Using Machine Learning Technology to Decode the Bhagavad Gita | Technology

Using Machine Learning Technology to Decode the Bhagavad Gita | Technology
Using Machine Learning Technology to Decode the Bhagavad Gita 

Decoding the Bhagavad Gita using Machine Learning Technology 

This study paves the way for the application of AI-based tools to compare translations and assess sentiment across a variety of texts.

According to Eknath Easwaran, M.K. Gandhi and Purohit Swami’s analysis of the quality of English translations of the Bhagavad Gita, machine learning and other artificial intelligence (AI) approaches have achieved enormous success in scientific and technological tasks such as determining how protein molecules are formed. and identify faces in a crowd. The use of these methodologies in the humanities, on the other hand, has yet to be substantially explored. But what can AI teach us about philosophy and religion? They used deep learning artificial intelligence algorithms to analyze English versions of the Bhagavad Gita, an ancient Hindu scripture initially written in Sanskrit, as a starting point for such research.

They investigated sentiment and semantics in translations using BERT, a deep learning language model. Despite considerable differences in language and sentence construction, they found that emotional and meaning-related patterns were largely comparable across all three. This study paves the way for the application of AI-based tools to compare translations and assess sentiment across a variety of texts.

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About the Bhagavad Gita

The Bhagavad Gita is religious and intellectual literature in Hinduism. It was written nearly 2,000 years ago, has been translated into more than 100 languages, and has aroused the interest of Western scholars since the 18th century. The 700-verse composition is part of the larger Mahabharata epic, which describes the events of an ancient battle believed to have taken place near present-day Delhi in India at Kurukshetra. The text of the Bhagavad Gita recounts a discourse between Lord Krishna and a nobleman named Arjuna. They debate whether a soldier should go to war for ethical and moral reasons if he has close friends or relatives on the opposite side. Writing was instrumental in laying the foundations of Hinduism.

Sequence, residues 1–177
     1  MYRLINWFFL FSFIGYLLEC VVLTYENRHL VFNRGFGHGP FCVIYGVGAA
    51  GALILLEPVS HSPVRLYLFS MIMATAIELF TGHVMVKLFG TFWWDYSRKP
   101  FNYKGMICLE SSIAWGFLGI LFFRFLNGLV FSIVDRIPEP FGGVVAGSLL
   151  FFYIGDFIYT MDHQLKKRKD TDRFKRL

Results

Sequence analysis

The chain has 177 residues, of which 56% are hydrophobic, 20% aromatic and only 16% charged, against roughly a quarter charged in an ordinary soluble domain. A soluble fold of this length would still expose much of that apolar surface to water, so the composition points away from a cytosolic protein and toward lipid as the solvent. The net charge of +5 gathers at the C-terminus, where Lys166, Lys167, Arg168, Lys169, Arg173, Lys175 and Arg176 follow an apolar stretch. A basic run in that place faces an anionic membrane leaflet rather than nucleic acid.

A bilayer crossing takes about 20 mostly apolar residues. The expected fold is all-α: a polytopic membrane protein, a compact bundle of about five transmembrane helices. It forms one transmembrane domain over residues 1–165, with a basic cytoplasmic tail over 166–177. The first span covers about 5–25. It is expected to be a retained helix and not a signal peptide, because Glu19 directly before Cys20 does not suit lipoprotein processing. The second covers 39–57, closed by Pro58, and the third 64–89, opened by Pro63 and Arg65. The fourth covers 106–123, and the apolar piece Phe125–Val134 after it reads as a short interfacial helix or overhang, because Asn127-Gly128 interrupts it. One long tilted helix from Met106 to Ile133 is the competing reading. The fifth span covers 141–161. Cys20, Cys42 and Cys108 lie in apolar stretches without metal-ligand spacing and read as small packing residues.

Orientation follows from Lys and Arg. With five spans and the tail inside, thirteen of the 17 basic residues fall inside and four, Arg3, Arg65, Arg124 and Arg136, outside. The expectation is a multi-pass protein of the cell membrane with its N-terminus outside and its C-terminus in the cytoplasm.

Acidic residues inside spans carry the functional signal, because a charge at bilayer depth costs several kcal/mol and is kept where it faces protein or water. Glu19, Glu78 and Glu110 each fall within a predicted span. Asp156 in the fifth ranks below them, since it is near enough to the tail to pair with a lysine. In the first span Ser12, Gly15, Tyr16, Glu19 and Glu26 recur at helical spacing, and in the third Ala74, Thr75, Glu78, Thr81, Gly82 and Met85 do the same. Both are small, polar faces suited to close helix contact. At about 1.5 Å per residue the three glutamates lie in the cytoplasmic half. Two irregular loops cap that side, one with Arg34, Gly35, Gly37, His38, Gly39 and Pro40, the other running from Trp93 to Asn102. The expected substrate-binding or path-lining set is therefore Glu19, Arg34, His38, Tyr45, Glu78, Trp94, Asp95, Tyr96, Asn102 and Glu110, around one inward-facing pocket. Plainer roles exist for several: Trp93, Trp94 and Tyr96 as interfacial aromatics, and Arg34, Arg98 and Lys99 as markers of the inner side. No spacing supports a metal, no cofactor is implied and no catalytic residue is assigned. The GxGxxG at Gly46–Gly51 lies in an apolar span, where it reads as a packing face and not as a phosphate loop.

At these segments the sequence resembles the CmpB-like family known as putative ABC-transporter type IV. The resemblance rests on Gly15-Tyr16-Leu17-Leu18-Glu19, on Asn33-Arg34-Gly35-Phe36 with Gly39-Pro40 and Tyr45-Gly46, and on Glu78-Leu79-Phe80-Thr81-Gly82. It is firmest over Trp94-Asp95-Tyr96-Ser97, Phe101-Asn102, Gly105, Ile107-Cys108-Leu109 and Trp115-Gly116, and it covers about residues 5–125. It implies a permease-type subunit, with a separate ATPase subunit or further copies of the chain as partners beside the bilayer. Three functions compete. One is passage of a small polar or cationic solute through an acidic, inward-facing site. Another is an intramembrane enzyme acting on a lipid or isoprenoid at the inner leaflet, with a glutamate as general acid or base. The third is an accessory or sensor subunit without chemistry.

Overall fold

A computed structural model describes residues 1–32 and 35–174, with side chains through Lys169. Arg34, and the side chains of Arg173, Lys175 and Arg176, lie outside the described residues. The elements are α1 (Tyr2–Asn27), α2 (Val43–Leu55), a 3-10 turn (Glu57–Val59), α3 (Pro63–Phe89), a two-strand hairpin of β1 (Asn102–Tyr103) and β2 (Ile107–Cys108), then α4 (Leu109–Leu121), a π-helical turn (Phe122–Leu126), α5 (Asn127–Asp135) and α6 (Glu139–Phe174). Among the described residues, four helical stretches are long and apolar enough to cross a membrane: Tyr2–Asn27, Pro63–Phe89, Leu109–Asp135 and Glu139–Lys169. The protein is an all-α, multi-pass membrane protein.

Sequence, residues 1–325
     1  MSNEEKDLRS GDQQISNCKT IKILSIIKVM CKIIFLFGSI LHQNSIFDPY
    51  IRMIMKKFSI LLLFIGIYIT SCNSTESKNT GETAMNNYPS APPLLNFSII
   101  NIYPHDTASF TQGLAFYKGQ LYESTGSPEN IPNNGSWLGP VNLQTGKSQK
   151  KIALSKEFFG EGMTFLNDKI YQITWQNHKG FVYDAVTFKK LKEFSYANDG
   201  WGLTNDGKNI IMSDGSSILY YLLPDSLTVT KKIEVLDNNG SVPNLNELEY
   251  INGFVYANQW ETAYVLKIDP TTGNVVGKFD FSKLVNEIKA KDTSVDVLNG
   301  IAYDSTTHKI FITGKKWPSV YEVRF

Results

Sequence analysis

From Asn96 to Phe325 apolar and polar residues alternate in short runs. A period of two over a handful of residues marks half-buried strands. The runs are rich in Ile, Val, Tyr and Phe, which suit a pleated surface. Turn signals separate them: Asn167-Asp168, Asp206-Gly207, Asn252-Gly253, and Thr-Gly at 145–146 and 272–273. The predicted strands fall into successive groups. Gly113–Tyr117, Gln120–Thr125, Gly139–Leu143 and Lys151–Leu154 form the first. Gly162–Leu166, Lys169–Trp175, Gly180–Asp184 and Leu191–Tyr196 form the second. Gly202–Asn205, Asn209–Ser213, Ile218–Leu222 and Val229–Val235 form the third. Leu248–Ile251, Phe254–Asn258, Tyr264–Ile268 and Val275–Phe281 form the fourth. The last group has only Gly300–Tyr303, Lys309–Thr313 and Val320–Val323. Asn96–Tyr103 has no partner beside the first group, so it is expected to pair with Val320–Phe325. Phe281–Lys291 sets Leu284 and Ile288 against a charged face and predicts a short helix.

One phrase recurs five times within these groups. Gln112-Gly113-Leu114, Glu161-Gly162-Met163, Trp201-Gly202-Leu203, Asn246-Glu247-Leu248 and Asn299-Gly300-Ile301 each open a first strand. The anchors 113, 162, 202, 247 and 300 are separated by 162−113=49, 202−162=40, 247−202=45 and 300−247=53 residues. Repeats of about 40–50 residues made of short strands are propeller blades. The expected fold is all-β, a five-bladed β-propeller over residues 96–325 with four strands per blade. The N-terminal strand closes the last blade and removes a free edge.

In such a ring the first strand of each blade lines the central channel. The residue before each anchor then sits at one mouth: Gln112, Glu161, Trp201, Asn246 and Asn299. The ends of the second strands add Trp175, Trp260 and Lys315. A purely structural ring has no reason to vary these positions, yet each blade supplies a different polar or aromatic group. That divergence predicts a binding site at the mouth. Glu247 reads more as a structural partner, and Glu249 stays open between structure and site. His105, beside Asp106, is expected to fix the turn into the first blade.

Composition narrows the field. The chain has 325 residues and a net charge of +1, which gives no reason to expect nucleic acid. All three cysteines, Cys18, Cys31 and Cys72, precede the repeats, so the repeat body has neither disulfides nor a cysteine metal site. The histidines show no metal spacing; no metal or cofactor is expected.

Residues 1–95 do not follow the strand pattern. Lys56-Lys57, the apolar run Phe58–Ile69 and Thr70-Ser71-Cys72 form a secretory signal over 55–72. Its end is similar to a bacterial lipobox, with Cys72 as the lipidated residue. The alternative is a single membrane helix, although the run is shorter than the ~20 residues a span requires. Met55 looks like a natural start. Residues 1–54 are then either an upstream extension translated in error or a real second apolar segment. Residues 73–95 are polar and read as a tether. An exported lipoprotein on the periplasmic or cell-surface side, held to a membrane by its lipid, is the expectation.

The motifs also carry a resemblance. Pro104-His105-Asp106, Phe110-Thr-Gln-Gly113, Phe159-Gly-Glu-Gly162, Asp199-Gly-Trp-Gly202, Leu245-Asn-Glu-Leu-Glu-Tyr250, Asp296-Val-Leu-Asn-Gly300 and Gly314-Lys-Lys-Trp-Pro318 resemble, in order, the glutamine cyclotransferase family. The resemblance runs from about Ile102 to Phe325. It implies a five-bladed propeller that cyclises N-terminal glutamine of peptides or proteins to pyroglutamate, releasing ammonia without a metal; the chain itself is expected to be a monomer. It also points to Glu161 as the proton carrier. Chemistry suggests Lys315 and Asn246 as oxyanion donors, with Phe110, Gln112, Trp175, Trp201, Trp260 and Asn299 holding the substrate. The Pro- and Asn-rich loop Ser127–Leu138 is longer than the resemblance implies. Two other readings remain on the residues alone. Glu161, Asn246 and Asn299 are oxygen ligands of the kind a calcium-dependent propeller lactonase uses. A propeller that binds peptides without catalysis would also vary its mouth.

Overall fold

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Numerous Translations

There have been numerous English translations of this holy book, however there is little evidence to support its excellence. Translations of poems and songs not only alter rhythm and rhyme structures, but can also lead to loss of semantic content. In 1785, the first of numerous English translations of the Bhagavad Gita was produced. In their study, they employed a deep learning language method to evaluate 3 selected translations of the Bhagavad Gita (from Sanskrit to English) using semantic and emotional analyses, which aid in the assessment of translation quality. They used BERT, a pretrained language model developed by Google. They further fine-tuned the algorithm using a human-labeled training dataset based on Twitter tweets that captures ten different attitudes. These sentiments (optimistic, grateful, empathic, pessimistic, anxious, sad, upset, denial, surprised, and joking) were adapted from their previous study of attitudes on social media during the onset of the COVID-19 pandemic.

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Sentiment Patterns

The three translations they looked at had extremely varied vocabulary and structure, but the language model identified similar sentiments in different chapters of the translations. According to their model, the most frequently expressed emotions are optimism, irritation, and surprise. Furthermore, the model demonstrated how the overall polarity of feeling changes (from negative to positive) during the discourse of Arjuna and Lord Krishna. Arjuna is initially sad, but when Lord Krisha teaches him Hindu philosophy, he becomes hopeful. Krishna’s sentiments demonstrate how, with philosophical knowledge of the dharma and mentorship, a troubled mind can find clarity to make the right decisions in times of conflict. His model’s only restriction is that it was taught in Twitter data, so he identifies “jokes” as a popular sentiment. He inappropriately attaches this name to various passages in the Bhagavad Gita. Humor is nuanced and culturally bound, and understanding it would be asking too much of his model at this point. Different translators chose different words to explain the same principles considering the nature of Sanskrit literature; in reality, the Bhagavad Gita is a song with rhyme and rhythm, with the different dates of the versions.

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The uses of sentiment analysis

His findings suggest the potential utility of AI-based tools for comparing translations and assessing sentiment in a variety of texts. This technique can also be used to analyze the emotions depicted in entertainment material. Another possible application is the evaluation of movies and songs to inform parents and officials about the suitability of the content for young people.

Source: Analytics Insight, Direct News 99 

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